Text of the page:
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    “Organic” Means Crap?!? Stanford Study Results & Dirty Dozen

    organic vs conventional produceWithin the past 12 hours, I’ve heard 2 reports about a shocking report by Stanford, saying that organic food is no better than conventional produce.  More specifically, that organic foods offer no more vitamins and nutrients than conventional products.

    No crap, friends. Let’s picture 2 plants, side by side. One’s treated with pesticides, one isn’t. The one without pesticides shouldn’t miraculously produce more nutrients (in theory), right?  It’s a little frustrating to see headlines of “Organic isn’t healthier!“, which misses the point.

    Instead, organic produce is better because you’re eliminating pesticides and  chemicals from your body. Pesticides have been linked to brain & nervous system toxicity, cancer, hormone disruption and skin, eye & lung irritation (among others!) Gross stuff.

    But don’t fret about your wallet – you don’t need to buy EVERYTHING organic (even though CSAs are a good bang for your buck). Here’s the dirty dozen (according to the EWG) of what you should be buying organic:

    1. Apples
    2. Celery
    3. Sweet bell peppers
    4. Peaches
    5. Strawberries
    6. Imported nectarines
    7. Grapes
    8. Spinach
    9. Lettuce
    10. Cucumbers
    11. Blueberries (domestic)
    12. Potatoes
    13. (Green beans/kale – added onto their list because of their highly toxic organophosophate insecticides).

    Readers, what do you think of these reports? What do you buy organic?


    Photo: Go Raw Have Fun

    Julie Hancher

    About Julie Hancher

    Julie Hancher is Editor-in-Chief of Green Philly, sharing her expertise of all things sustainable in the city of brotherly love. She enjoys long walks in the park with local beer and greening her travels, cooking & cat, Sir Floofus Drake.

    Your thoughts . . .

    • John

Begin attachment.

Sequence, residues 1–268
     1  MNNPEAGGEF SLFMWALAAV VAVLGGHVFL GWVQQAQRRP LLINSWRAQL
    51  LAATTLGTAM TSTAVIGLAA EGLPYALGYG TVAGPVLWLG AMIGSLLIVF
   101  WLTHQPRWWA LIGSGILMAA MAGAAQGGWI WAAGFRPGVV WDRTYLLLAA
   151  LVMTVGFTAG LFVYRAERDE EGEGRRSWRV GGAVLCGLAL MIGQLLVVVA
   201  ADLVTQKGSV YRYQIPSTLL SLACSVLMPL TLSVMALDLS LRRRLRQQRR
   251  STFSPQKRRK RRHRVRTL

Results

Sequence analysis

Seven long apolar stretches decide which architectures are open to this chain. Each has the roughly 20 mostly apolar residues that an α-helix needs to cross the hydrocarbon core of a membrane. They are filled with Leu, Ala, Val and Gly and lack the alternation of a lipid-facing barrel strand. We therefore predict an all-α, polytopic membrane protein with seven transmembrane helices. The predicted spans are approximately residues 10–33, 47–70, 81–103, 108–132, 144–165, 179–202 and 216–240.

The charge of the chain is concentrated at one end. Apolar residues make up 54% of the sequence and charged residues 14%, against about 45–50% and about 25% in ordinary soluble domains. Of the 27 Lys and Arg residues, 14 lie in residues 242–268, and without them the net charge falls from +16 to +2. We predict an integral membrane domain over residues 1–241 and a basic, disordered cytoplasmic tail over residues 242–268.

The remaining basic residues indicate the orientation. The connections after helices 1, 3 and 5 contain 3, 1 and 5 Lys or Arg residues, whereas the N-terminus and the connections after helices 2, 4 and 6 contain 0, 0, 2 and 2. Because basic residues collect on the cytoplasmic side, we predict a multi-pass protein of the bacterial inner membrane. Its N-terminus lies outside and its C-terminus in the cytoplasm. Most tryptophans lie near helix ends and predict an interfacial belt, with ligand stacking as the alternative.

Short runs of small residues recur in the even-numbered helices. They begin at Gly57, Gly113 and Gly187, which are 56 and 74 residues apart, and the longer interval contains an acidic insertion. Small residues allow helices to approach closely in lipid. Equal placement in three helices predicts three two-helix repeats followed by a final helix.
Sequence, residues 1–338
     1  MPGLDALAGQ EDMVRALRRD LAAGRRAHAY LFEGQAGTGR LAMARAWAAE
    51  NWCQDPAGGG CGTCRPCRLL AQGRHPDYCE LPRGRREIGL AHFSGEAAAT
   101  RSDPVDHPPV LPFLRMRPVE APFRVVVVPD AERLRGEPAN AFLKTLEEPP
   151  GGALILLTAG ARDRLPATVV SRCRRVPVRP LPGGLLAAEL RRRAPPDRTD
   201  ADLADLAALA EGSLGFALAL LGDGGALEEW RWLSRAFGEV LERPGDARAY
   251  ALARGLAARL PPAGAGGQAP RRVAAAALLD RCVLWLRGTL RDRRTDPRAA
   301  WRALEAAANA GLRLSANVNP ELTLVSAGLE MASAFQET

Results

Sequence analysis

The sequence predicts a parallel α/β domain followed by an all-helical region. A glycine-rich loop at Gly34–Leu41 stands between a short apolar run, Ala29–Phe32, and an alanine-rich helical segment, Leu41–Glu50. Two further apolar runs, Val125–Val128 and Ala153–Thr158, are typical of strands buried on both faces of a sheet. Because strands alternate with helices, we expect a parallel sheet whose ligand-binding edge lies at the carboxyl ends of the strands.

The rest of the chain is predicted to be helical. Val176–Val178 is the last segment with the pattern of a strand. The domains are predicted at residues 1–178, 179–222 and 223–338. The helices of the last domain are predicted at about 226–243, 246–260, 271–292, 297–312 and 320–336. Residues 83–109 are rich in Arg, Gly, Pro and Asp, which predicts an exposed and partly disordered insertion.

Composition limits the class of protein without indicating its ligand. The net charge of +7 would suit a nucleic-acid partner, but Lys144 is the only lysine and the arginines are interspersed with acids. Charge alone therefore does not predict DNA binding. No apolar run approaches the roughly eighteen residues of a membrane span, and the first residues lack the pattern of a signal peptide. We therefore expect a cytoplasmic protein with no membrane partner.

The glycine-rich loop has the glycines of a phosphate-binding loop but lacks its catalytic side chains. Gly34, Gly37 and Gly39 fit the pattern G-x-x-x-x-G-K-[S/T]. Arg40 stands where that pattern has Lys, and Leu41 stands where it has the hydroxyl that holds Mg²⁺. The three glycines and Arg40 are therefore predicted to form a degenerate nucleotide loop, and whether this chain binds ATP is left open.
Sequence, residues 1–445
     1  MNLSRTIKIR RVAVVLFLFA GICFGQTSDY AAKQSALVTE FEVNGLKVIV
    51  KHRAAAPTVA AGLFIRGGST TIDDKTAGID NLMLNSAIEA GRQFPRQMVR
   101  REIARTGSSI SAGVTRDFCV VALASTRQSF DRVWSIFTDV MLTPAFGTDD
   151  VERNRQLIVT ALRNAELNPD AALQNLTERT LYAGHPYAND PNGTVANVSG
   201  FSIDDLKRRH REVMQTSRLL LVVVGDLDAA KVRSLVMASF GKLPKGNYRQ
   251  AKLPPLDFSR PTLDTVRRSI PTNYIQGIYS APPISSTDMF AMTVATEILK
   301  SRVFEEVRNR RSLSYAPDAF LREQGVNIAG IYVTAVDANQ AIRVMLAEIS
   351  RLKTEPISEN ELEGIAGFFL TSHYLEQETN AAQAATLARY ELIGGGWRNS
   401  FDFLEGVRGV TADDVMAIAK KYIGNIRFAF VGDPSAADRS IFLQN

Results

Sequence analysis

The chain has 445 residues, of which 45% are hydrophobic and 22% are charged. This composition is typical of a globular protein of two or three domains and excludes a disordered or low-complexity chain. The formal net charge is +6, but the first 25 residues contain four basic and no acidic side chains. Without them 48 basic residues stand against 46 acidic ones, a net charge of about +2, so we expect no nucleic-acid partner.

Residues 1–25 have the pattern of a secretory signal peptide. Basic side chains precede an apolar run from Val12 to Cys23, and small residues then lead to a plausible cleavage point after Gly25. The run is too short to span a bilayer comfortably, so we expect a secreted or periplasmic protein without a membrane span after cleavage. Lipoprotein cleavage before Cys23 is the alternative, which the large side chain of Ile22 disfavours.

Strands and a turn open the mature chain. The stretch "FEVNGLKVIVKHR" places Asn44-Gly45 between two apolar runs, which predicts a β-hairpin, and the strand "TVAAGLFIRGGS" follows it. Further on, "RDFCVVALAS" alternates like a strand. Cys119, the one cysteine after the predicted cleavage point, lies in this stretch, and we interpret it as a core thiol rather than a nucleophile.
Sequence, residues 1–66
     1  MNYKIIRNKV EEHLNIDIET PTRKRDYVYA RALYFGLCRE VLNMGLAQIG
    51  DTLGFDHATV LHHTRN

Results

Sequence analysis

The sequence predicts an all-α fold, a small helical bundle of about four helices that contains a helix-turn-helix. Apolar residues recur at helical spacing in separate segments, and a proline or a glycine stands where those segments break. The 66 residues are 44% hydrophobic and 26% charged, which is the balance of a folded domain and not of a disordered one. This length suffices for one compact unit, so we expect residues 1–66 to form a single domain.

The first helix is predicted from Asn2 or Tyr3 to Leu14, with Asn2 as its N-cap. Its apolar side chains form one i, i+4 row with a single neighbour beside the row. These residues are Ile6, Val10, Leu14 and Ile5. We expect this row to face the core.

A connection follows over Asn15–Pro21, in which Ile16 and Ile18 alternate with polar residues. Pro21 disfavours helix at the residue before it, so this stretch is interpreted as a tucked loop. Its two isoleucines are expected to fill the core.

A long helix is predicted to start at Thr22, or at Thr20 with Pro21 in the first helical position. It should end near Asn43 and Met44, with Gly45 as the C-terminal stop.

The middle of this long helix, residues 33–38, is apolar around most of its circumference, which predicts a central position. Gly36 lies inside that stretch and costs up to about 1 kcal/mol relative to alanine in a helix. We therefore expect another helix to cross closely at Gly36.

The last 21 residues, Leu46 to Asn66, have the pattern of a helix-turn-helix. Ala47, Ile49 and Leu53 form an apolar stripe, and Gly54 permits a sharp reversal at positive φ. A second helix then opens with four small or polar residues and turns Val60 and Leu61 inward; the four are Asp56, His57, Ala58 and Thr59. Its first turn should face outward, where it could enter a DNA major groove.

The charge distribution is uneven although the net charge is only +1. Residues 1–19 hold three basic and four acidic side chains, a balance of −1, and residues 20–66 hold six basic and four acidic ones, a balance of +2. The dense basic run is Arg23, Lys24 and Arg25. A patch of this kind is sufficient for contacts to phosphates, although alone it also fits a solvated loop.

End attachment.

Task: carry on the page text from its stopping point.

Hi Julie. I stumbled upon this and just wanted to leave a comment about your post.

      1) I’m very glad that you mention that it is (and should be) obvious that organically-grown produce is not magically more nutritious or tastier than its non-organic counterpart.

      2) I think it’s important to note one important fact that you did not mention as well as one apparent mistake in your post. First, that, in short, the dose makes the poison. Oxygen, water, and just about anything else that goes into your body can harm or kill you at the right dose. By their nature, most pesticides (if not all–I’m not fully versed in modern pesticides, but know the basic pharmacology/toxicology) can be regarded as neurotoxins–that is, they work by harming/shutting down the pest’s simple nervous system. Some are poorly selective for insects (and thus also are harmful to mammals/fish), others are better. A dose that will kill an insect will likely have absolutely no effect on a human, although minimizing the amount of human contact with potentially harmful chemicals is always ideal.
      Secondly, you seem to imply that organic farming does not use pesticides. That is simply not true. To farm on any kind of reasonable scale, pest control–often including some use of chemical pesticide treatment–is necessary. Organic farming calls for certain limitations to what pesticides they use (and, I think how often they can be used), but pesticides are still used.

      It’s also worth noting that the pesticides used in organic farming aren’t necessarily safer for humans/animals than those in non-organic farming. I’m glad that, in the past several decades, we’ve improved farming methods and have “safer” pesticides, but am looking forward to a day when the notion of “organic” farming becomes obsolete, when we come up with non-persistent, highly-pest-selective pesticides (and when folks are happy to use whatever safe, effective fertilizer they have at their disposal).

      And, to answer your question: I buy whatever’s available and tastes best (sometimes that’s organic, sometimes not) and rinse my produce thoroughly before eating it (unless I know for certain that a particular place only uses non-pesticide forms of pest control).

      Sorry, that ended up pretty long.